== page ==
Significant Developments in Stem Cell Research

By Dillon, Kevin J. | Issues in Law & Medicine, Summer 2006 | Go to article overview

Significant Developments in Stem Cell Research


Dillon, Kevin J., Issues in Law & Medicine


12 HUMAN REPRODUCTION & GENETIC ETHICS 24 (2006).

Over the past year, adult stem cells have been used either exclusively or in combination with other treatments to achieve significant "healthcare benefits" for sufferers of the following conditions: brain tumors, ovarian cancer, solid tumors, multiple myeloma, breast cancer, non-Hodgkin's lymphoma, multiple sclerosis, systemic lupus, rheumatoid arthritis, anaemia, stroke, blindness, and immunodeficiency.

Furthermore, the future application of adult stem cells to treatment therapies, where clinical trials have already indicated significant potential benefit, include: Parkinson's disease, Alzheimer's disease, nerve damage, organ transplantation and/or growth, blood production, muscle regeneration, diabetes mellitus Type I and other pancreatic disorders, and heart valve replacement. Documentary evidence of the above cases of successful treatment using adult stem cells can be found in a host of journals.

The Report of the National Institutes of Health (NIH), failed to systematically represent the considerable body of research supporting the use of adult stem cells. The NIH outlines several very specific reasons why it believed that "adult stem cells may have more limited potential than embryonic stem cells."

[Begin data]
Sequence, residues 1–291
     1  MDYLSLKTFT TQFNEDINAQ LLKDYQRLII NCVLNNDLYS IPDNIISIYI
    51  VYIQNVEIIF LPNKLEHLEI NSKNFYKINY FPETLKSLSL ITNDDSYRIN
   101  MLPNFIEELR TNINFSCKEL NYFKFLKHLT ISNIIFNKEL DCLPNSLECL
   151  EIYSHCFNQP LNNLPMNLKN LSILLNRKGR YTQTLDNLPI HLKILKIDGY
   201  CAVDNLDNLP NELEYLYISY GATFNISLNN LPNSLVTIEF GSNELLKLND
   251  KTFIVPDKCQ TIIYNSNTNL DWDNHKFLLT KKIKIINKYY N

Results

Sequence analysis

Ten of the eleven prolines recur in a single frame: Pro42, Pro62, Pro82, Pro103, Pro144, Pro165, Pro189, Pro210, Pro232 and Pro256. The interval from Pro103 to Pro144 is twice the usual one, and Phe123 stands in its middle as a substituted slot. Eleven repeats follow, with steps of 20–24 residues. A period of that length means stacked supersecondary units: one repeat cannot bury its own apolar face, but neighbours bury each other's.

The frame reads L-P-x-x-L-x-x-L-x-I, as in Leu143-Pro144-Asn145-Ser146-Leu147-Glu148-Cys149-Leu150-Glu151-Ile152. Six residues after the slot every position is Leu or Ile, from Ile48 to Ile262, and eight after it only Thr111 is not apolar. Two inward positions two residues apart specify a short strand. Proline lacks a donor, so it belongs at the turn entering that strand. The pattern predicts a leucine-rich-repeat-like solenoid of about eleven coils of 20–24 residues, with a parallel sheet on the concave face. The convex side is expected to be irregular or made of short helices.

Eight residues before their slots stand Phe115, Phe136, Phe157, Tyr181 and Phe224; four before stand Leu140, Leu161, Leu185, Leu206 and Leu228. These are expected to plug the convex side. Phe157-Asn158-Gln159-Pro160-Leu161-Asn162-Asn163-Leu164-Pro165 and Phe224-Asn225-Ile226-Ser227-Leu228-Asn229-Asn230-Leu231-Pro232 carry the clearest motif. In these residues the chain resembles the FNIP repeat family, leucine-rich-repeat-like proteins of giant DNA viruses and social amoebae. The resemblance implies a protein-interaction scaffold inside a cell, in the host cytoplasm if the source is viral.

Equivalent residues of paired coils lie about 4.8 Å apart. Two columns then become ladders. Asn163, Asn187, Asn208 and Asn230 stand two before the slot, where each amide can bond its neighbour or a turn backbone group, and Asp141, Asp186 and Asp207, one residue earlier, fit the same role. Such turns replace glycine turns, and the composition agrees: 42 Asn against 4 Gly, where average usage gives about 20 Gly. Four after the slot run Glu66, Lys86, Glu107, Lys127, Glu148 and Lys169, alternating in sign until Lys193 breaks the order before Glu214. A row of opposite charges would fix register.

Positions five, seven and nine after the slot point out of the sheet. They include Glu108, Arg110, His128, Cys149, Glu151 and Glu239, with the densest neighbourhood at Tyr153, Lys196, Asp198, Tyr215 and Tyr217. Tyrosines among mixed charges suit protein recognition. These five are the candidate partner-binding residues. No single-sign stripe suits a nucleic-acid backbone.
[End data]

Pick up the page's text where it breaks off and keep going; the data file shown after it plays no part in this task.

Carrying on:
First, the NIH claimed that "stem cells in adults are present in only minute quantities" and are "difficult to isolate and purify." This contradicts findings published in the March 2000 edition of the Proceedings of the National Academy of Sciences, which highlighted the fact that adult stem cells can now be grown to a billion-fold in the laboratory. Even the NIH itself recently conceded that stem cells can be produced to provide a "virtually limitless supply."

Second, the NIH asserted the opinion that invasive surgery would be required in order to obtain a source of neural stem cells to treat diseases such as Parkinson's and Alzheimer's. But this is also an outdated claim, given that the June 2000 edition of the journal Nature confirmed that neural stem cells can be regrown inside the brain without the need for open surgery. …

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